With Natural Gas Prices Surging Private Equity Looking to Cash Out of Haynesville Assets

Haynesville is expected to produce a record 13.6 billion cubic feet per day (bcfd), about 15% of U.S. shale gas output next month. Private equity firms are looking to sell companies and land they own to take advantage of surging natural gas prices.

Haynesville Shale Map


The Haynesville spans northeast Texas and northwest Louisiana, is the second-largest shale gas producing region in the U.S. While the formation has smaller reserves than the Marcellus-Utica play in the Northeast, its proximity to the Henry Hub and export terminals on the Gulf Coast, as well as the lack of major infrastructure constraints, offer drillers in the basin a competitive advantage.

Gas Deals Booming

The Haynesville formation in Northwest Louisiana and East Texas has had four deals totaling $1.65 billion, according to Andrew Dittmar, director at Enverus in 2021. Smaller firms see the natural gas rally as a chance to divest assets they have held for three years or more which they may have been under water on before Natural gas surged to 12 year highs. The sellers also include private equity companies who have been holding off selling what were under water assets after prices plunged last year early in the coronavirus pandemic

“They were planning a 2020 exit three years before and then 2020 just didn’t materialize,” said Brock Hudson, managing director at Carl Marks Advisors, an investment bank that provides financial and operational advisory services.

There are several big transactions in the chatter, each estimated at over $1.5 to $3 billion. There are also buyers looking to purchase smaller assets from individual holders, according to advisors Reuters reported.

Bloomberg reported that Southwestern Energy Co. is in talks to buy closely held GeoSouthern for roughly $1.7 billion, less than two months after purchasing gas producer Indigo Natural Resources, according to people with knowledge of the matter. Discussions are at an advanced stage, though a deal could still fall through, said the people, who declined to be named because the talks are ongoing and private. GeoSouthern is a joint venture between Blackstone Credit and billionaire George Bishop’s GeoSouthern Energy Corporation. The entity picked up roughly 112,000 net acres in Louisiana’s Haynesville shale basin from Encana Corp for $850 million in 2015.

LNG Lure for Buyers

Pipelines from the Haynesville to export hubs on the Gulf Coast including Sabine Pass, Louisiana, and Freeport, Texas have space. Lines running from the Marcellus shale in Pennsylvania are near capacity. The United States now exports roughly 10 billion cubic feet of gas daily as LNG, with several companies expected to add more space in coming months and years. DT Midstream has proposed expanding its Haynesville gathering, boosting and transport system and creating a “carbon-neutral wellhead to water” service for certified gas to flow south to LNG exporters, according to a Sept. 30 presentation. The midstream operator’s LEAP pipeline already provides a potential route for Chesapeake Energy’s soon-to-be certified Haynesville production to flow directly toward the Cameron and Sabine Pass LNG export facilities. Under the proposal, electric compression would be provided by renewable generation and facilities would be paired with carbon capture and sequestration.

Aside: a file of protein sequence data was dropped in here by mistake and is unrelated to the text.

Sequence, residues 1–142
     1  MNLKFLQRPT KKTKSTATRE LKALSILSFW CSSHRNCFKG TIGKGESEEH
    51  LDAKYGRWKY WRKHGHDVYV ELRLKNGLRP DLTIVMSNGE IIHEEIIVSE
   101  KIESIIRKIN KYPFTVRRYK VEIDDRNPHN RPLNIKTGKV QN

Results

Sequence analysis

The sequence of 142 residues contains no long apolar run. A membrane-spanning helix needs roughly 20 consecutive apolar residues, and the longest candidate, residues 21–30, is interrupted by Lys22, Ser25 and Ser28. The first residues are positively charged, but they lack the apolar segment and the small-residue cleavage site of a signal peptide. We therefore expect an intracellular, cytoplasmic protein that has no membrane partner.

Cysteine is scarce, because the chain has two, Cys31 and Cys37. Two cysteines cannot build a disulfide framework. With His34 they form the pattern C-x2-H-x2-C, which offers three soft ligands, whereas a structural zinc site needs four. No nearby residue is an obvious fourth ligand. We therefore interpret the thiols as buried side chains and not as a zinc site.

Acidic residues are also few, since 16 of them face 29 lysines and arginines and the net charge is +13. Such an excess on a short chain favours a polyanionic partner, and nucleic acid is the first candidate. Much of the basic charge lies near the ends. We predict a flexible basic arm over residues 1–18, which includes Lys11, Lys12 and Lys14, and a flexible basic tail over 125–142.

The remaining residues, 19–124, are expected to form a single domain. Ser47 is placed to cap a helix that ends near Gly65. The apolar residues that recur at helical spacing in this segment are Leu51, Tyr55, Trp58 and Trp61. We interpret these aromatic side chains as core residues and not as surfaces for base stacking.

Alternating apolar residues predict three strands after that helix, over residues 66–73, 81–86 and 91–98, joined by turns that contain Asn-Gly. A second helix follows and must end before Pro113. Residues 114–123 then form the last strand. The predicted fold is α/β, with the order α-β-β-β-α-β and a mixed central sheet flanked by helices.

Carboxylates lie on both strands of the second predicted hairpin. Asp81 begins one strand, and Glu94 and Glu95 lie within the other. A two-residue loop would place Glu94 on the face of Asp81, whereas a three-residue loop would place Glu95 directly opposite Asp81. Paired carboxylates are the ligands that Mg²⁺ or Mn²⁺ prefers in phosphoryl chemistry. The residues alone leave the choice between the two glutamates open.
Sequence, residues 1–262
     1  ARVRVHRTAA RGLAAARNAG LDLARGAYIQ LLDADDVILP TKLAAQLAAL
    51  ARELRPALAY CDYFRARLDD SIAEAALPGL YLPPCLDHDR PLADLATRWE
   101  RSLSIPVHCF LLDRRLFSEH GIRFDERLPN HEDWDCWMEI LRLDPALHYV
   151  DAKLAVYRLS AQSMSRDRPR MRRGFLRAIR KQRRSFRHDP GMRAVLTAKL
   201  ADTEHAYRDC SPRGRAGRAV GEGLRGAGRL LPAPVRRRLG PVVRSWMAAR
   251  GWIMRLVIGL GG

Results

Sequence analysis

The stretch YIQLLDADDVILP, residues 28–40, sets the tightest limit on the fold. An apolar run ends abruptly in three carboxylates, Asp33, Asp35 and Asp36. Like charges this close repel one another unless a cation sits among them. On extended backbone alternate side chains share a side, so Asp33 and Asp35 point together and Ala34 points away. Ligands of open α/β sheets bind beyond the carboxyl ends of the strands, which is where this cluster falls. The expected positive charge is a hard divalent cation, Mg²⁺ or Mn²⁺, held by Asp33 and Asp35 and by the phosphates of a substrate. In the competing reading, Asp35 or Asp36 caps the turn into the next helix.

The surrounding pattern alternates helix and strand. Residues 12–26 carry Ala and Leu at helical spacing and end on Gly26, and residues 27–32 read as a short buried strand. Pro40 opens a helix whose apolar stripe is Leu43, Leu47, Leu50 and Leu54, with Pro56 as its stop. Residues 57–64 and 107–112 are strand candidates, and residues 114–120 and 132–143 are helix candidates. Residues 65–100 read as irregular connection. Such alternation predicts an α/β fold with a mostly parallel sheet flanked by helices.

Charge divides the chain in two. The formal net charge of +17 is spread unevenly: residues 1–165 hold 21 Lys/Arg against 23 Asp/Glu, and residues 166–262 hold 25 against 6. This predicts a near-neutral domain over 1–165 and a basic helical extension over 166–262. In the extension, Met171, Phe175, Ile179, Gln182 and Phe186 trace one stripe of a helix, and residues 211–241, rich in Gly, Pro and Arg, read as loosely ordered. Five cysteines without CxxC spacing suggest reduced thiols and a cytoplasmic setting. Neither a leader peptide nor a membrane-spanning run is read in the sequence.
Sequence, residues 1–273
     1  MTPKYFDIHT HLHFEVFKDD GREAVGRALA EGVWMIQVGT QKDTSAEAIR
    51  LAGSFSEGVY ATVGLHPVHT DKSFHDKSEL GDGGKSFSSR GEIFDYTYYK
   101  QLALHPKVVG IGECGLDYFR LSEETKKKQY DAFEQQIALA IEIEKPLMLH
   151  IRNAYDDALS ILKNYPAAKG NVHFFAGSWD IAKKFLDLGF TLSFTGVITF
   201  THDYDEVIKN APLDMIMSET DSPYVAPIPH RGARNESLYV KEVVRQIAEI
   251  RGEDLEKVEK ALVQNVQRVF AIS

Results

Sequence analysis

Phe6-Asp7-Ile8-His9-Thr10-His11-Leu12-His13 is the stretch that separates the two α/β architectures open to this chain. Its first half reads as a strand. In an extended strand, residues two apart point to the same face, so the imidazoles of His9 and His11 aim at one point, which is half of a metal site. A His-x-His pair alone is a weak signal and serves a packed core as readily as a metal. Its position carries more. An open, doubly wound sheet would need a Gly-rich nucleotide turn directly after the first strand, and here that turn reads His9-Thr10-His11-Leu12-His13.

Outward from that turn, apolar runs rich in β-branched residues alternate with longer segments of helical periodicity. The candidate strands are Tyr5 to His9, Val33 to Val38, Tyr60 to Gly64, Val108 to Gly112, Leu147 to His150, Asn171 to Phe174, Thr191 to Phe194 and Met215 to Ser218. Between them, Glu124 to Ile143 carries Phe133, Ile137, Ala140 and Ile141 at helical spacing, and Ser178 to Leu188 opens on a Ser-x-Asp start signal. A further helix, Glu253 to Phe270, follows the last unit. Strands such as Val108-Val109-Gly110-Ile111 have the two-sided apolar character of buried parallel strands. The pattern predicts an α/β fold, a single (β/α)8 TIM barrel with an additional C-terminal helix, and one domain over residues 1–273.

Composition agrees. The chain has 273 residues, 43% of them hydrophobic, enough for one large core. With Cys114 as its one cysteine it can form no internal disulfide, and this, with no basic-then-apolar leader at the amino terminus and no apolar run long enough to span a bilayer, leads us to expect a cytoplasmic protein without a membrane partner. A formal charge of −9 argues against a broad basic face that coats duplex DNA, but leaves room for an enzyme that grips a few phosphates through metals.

Reuters reports that deals out there include private-equity backed Haynesville producer Rockcliff Energy. The firm produces over 1 bcfd of production and is expected to go on the block by the end of this year, according to people familiar with the company.

Rockcliff offered high-yield debt last month, a move some companies have taken to improve balance sheets before pursuing strategic options, such as a sale of the company. Rockcliff did not respond to requests for comment.

Reuters previously reported that Haynesville producers such as GeoSouthern are already on the block.

Dollar-per-acre values have risen substantially

Dittmar at Enverus said this year, two deals were valued at nearly four times per acre what Comstock bought Haynesville producer Covey Park in 2019 at $3,000 per acre adjusted for production.

Companies eager to produce gas as a cleaner alternative to oil, like Chevron Corp, have also expressed interest in the Haynesville. Buyers have turned to the Haynesville as acreage deals became harder to come by in the Permian basin of Texas and New Mexico, said Ben Heinzelmann, president at Energy Domain, a marketplace for sellers to market their mineral, royalty, and non-operated working interests.

Gas exporters like Tellurian Inc say they are among the potential buyers for gas assets coming to market. The company is boosting gas production in the Haynesville ahead of plans to start construction on its Driftwood LNG export plant in Louisiana in March 2022.

“We are aggressively pursuing upstream acquisitions,” said Charif Souki, co-founder and executive chairman of U.S. LNG developer Tellurian. “There are plenty of targets in the Haynesville that make sense.”

Natural Gas Production Forecast

  • EIA expect that U.S. consumption of natural gas will average 82.5 (Bcf/d) in 2021, down 0.9% from 2020.
  • U.S. natural gas consumption declines in 2021, in part, because electric power generators switch to coal from natural gas as a result of higher natural gas prices.
  • In 2021, EIA expect residential and commercial natural gas consumption combined will rise by 1.2 Bcf/d from 2020
  • Expect industrial consumption will rise by 0.6 Bcf/d from 2020.
  • Rising natural gas consumption in sectors other than the electric power sector results from expanding economic activity and colder winter temperatures in 2021 compared with 2020.
  • EIA expect U.S. natural gas consumption will average 82.6 Bcf/d in 2022, mostly unchanged from 2021.

Source: Reuters, Bloomberg

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